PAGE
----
Labour calls for end to 'cruel' armed forces pay cap
The starting salary of an army private has dropped by £1,000 in real terms since 2010.
The public sector pay cap imposed on the armed forces must be abandoned, Labour has insisted.
The starting salary of an army private has dropped by £1,000 in real terms since 2010 because of Government policies, the party said.
Labour leader Jeremy Corbyn said the pay cap on the armed forces was "cruel" and putting pressure on forces personnel and their families.
On Tuesday the Government announced that the seven-year public sector pay cap is to be scrapped from next year, with ministers given "flexibility" to breach the long-standing limit of 1% on rises for police and prison officers.
But Labour insisted the move still amounted to a pay cut due to inflation levels as the party called for a better deal for all public sector workers.
Labour leader Jeremy Corbyn said: "This cruel pay cap is putting real pressure on forces personnel and their families. Along with rising rents in service accommodation and changes to tax credits, this Government is trying to balance the books on the backs of our servicemen and women.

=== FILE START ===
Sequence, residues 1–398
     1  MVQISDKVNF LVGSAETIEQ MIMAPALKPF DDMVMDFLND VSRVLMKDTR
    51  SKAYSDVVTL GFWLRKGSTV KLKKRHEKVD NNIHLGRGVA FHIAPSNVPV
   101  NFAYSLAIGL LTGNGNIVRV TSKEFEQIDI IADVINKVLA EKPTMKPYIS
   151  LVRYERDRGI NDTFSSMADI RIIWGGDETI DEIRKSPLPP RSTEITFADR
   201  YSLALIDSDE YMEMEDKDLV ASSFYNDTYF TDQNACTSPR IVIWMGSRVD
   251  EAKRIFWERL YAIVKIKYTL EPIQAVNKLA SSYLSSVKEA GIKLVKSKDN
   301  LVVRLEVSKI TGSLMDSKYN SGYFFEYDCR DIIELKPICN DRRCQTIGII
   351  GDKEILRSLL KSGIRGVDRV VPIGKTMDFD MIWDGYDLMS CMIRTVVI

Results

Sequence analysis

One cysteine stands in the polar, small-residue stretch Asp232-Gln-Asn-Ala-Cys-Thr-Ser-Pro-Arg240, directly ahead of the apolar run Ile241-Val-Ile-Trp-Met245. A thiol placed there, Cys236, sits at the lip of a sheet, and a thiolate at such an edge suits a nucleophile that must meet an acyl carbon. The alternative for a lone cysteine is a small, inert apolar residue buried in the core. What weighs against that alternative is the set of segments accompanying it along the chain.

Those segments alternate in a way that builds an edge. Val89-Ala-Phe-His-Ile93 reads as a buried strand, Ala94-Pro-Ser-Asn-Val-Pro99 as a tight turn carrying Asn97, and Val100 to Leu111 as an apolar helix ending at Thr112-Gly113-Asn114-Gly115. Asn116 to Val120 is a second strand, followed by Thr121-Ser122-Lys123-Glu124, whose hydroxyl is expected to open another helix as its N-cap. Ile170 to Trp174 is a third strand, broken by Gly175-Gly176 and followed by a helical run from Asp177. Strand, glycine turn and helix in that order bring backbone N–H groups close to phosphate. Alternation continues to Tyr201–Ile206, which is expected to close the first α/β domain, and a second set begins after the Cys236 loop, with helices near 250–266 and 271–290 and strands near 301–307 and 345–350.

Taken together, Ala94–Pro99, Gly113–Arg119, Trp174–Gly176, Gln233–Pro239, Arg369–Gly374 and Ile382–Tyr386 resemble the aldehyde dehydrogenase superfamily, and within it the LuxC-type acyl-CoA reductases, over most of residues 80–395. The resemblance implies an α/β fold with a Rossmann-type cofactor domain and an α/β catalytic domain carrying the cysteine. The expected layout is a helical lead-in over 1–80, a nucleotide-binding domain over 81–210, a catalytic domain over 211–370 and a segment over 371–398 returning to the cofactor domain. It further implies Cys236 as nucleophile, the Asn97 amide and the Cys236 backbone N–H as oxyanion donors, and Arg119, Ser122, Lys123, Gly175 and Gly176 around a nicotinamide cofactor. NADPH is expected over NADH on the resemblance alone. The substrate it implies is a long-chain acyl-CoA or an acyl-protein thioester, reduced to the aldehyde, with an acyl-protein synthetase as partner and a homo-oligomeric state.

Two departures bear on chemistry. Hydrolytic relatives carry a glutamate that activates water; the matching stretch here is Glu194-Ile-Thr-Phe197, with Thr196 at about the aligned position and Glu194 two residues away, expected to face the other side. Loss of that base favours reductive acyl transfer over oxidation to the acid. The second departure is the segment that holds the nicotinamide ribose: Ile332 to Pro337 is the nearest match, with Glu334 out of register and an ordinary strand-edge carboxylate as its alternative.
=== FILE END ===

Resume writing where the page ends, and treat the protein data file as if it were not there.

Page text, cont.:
"This sorry state of affairs cannot be allowed to go on. It is high time for the Government to do the right thing and give our armed forces a pay rise."
Labour's shadow defence secretary Nia Griffith said the pay cap was causing a recruitment crisis within the armed forces.
"Armed forces personnel have been leaving in droves, because this Government stubbornly refuses to reward their service with a proper pay award.
"We now have a real crisis in recruitment and retention across all three services. If this Government were serious about addressing this it would scrap this harsh pay cap immediately.
"As well as doing the right thing by our servicemen and women, this is also about securing Britain's defence capabilities by ensuring that our armed forces continue to attract and retain the brightest and best."
The Commons move by Labour comes after MPs backed a call for an end to the public sector pay cap for NHS staff after the Government chose not to contest a non-binding motion by the party on the issue rather than face an embarrassing defeat.
The Government did not risk a vote on the Labour motion as their DUP allies made it clear they would side with the opposition.